An evolution that is difficult to sustain

In view of the situation of the different age groups, both in terms of living standards and net contribution to the social protection system, it would appear difficult to make greater use of the younger and working age groups. A reduction in the net transfer received by the over-60s therefore appears necessary. This development is already underway as a result of the various pension reforms already carried out, and will probably have to be continued, otherwise the sustainability of our social protection system will result in an increased imbalance to the detriment of the youngest and working age groups.

Are the younger generations being sacrificed?

Hippolyte d'Albis, Pierre-Yves Cusset and Julien Navaux have drawn up age profiles of public transfers received and compulsory levies paid by mobilising the national transfer accounts over the period 1979-2011. They thus show that if most of the increase in social expenditure over this period benefited the oldest, this is primarily attributable to demography, as the number of older people increased more than the number of younger people. Individual expenditure on social protection, on the other hand, has evolved in a more comparable way between age groups. Social expenditure in relation to GDP per capita (including education expenditure) thus increased by 10 points for those over 60 years of age (i.e. an increase of 15 %) and by 5 points for those under 25 years of age (i.e. +23 %) between 1979 and 2011. The ratio between individual expenditure for these age groups remains fairly stable due to very different starting levels. Finally, in terms of funding, the older age groups are being called upon to contribute more, particularly since the introduction of the CSG at the beginning of the 1990s. Their contribution rate** doubled between 1979 and 2011 to reach 20 %, while that of assets on which the bulk of the contribution effort is still based rose from 27 % to 37 %.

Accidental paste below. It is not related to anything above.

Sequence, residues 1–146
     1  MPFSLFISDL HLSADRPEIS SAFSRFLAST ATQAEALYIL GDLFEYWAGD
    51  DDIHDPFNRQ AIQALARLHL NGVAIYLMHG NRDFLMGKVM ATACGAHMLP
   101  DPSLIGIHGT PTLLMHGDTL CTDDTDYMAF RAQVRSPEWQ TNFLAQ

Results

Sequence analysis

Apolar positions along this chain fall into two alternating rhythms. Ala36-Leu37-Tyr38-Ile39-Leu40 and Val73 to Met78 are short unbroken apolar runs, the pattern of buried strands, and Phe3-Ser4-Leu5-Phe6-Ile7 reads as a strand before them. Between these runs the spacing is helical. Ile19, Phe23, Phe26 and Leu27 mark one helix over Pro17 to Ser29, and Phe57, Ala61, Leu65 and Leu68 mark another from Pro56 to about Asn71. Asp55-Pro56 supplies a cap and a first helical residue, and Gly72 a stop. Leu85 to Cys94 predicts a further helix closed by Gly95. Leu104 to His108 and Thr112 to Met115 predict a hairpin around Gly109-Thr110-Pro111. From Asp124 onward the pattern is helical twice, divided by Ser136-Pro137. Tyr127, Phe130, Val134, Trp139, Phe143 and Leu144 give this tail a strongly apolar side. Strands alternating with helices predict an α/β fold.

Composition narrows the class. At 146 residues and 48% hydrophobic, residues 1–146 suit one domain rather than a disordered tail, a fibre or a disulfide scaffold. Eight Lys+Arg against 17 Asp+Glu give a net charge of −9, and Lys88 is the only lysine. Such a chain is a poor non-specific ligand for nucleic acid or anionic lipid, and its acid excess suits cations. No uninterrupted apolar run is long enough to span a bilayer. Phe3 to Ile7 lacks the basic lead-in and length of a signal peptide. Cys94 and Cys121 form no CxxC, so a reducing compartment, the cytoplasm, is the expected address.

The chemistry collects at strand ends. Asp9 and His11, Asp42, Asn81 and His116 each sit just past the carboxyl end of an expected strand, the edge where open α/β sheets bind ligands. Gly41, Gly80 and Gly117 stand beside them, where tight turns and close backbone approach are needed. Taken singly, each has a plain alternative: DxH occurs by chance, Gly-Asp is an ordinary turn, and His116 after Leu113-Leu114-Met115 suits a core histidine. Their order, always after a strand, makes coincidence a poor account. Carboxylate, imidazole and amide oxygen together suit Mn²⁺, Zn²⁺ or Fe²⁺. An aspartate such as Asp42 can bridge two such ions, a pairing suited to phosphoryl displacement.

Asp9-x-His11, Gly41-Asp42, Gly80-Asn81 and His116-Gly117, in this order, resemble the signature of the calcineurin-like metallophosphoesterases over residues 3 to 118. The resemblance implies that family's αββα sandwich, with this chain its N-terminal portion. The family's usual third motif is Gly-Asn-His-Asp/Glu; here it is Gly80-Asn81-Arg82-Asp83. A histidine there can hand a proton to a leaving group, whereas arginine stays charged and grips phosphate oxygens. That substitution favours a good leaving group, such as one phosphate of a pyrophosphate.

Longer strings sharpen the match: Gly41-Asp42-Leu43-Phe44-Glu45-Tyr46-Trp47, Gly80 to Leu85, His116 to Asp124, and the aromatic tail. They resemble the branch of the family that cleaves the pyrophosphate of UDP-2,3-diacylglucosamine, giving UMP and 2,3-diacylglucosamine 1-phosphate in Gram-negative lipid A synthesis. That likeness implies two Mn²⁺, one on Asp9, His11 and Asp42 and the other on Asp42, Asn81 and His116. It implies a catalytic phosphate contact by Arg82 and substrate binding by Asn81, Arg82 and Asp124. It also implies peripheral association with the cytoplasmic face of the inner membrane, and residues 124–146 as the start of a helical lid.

And in the future?

Net social protection transfers (i.e. the difference between the sums received and the sums withdrawn) are ten times greater for an individual over 60 than for a young person under 25. In a context where poverty now affects the under-25s 2.5 times more often than the over-60s, this imbalance raises not only the question of equity but also that of sustainability. Under these conditions, taking into account the living and poverty standards of the different age groups and relative levels, it seems difficult to reduce the net transfers to the youngest and working age individuals, which will call for a decrease in the net transfer perceived globally by the over-60s over the next ten years.
Ippolit of Albis, Paris School of Economics - CNRS ; 
Pierre-Yves Cusset, France Strategy, Society, Institutions and Social Policies Department ; 
Julien Navaux, Paris School of Economics
*In the words of Christian Saint-Etienne and Louis Chauvel, respectively.
**The tax rate here is the ratio between what individuals in an age group pay to finance social protection and a set made up of their "super-gross" labour income, capital income and the public cash transfers they receive.
(Source: France Sratégie - January 12, 2016)

Book " On acheve bien les jeunes " by Bernard Spitz - Edition Grasset - September 2015